NEW YORK (MainStreet) — Financial aid, at its best, allows disadvantaged students access to educational opportunities that would otherwise be unavailable due to prohibitively high costs. But a survey suggests colleges increasingly steer clear of these needier students, instead giving preference to those who would be able to pay tuition without financial aid.
The disturbing news comes from a survey of 462 college admissions officers conducted by the online publication Inside Higher Ed. More than a third of admissions officers surveyed reported that their institution had increased its focus on recruiting “full-pay” students, or those who won’t require financial aid. And the admissions strategy judged most important by admissions officers – especially those at public schools – was to recruit more out-of-state students who pay higher fees than locals at public institutions.
That’s not to say universities are getting greedy; rather that they’re facing tough economic decisions like most people and organizations struggling to survive in a slow economy, and are having to change the way they do business to keep afloat.
“The interest in full-pay students is so strong that 10% of four-year colleges report that the full-pay students they are admitting have lower grades and test scores than do other admitted applicants,” Inside Higher Ed reports. And a quarter of admissions officers said they’d felt pressure from a trustee or higher-ranking administrator to admit certain applicants.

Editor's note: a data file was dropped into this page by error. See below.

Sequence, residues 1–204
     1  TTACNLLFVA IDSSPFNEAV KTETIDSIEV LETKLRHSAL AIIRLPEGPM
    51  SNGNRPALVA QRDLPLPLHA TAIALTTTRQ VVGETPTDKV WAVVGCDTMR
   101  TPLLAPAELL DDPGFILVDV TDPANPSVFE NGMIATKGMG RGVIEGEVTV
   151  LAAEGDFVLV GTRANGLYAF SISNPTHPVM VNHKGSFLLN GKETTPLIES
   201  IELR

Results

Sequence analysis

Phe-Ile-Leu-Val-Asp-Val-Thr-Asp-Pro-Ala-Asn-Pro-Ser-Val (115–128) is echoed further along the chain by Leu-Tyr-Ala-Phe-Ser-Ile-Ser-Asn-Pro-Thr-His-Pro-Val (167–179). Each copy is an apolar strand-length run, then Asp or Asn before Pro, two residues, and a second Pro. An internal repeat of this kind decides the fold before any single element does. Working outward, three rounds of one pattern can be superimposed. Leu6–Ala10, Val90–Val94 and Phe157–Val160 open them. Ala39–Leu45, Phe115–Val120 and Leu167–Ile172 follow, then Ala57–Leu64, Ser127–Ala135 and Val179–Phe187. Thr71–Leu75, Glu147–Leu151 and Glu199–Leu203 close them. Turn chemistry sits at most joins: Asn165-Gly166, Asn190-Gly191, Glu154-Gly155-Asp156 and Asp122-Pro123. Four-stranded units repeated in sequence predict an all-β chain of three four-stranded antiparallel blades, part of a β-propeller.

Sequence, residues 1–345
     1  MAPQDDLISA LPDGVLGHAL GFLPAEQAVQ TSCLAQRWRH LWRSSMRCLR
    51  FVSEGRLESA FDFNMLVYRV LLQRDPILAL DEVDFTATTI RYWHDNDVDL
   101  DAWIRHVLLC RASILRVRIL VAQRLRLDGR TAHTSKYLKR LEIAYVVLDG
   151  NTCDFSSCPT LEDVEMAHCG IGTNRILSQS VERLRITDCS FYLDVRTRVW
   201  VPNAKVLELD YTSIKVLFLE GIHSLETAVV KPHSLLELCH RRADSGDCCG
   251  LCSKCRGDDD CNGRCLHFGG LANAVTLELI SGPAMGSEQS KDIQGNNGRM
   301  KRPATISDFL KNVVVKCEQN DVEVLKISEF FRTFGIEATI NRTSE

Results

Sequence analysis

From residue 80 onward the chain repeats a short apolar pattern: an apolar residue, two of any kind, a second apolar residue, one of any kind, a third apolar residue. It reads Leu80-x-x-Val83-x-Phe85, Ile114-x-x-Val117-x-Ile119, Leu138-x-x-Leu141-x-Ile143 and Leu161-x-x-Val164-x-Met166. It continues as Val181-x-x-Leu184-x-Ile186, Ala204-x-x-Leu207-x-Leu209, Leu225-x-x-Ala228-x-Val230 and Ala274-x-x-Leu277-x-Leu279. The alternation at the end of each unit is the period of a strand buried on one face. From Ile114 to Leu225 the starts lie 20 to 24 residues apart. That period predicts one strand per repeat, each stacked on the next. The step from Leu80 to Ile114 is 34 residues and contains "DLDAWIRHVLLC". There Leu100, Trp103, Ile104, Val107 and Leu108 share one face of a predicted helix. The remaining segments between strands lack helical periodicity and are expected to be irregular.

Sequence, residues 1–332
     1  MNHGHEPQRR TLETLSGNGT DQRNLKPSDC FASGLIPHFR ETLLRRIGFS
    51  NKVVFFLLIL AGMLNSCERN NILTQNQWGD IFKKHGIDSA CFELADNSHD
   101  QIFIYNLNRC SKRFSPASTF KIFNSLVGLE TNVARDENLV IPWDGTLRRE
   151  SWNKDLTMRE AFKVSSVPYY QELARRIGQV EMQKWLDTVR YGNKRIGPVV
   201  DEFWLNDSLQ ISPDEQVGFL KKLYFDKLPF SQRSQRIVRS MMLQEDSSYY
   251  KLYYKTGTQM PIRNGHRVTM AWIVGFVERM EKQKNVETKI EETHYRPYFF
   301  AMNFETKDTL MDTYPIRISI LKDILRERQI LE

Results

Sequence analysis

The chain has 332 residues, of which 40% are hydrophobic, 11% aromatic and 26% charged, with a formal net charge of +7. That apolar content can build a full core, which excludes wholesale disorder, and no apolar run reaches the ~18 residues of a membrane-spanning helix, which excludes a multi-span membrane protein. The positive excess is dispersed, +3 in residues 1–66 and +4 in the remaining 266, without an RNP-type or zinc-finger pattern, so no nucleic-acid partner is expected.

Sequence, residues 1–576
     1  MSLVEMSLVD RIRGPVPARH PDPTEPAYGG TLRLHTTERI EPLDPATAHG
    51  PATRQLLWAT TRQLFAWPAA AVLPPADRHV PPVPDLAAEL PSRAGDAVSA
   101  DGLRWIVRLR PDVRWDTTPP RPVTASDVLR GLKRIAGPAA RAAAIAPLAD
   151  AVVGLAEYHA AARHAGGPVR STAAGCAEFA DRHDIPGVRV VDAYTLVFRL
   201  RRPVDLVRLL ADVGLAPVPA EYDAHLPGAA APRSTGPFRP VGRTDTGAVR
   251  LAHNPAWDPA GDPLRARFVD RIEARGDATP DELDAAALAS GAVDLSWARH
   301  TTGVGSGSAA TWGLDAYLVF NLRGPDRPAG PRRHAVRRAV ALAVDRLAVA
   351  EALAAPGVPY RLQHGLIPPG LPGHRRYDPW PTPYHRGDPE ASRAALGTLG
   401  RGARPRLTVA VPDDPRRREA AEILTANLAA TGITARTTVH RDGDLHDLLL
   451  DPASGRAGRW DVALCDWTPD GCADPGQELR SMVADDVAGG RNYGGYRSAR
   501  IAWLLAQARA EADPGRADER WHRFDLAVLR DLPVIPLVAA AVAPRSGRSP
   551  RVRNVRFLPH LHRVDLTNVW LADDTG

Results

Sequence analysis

Previous surveys conducted by the publication found that universities are increasing their aid budgets in response to trying financial times, and many have increased their discount rate – that is, how much financial aid is granted to those who need it. But the schools also say this discount-rate increase is unsustainable given the institutions’ finances. The solution preferred by the colleges, it seems, is to admit fewer students who actually need financial aid and thereby stay within a tighter budget.
The result is that colleges admit increasing numbers of less-qualified students who can pay their own way and turn away qualified applicants who can’t.
It’s a state of affairs poised to hurt those most in need of a college education. Studies have shown that education remains the single biggest factor in determining a worker’s ultimate earning potential, and that children raised in middle-class families – unlikely to be able to afford the sky-high-and-rising tuition at many schools – are much more likely to drop out of the middle class if they don’t go to college.
Obviously colleges, particularly public ones, are feeling the economic pinch like everyone else. But if their solution is to get in the habit of turning away poor kids while recruiting the lucky few who can afford college, the already huge gap between rich and poor will only become larger in the long run.
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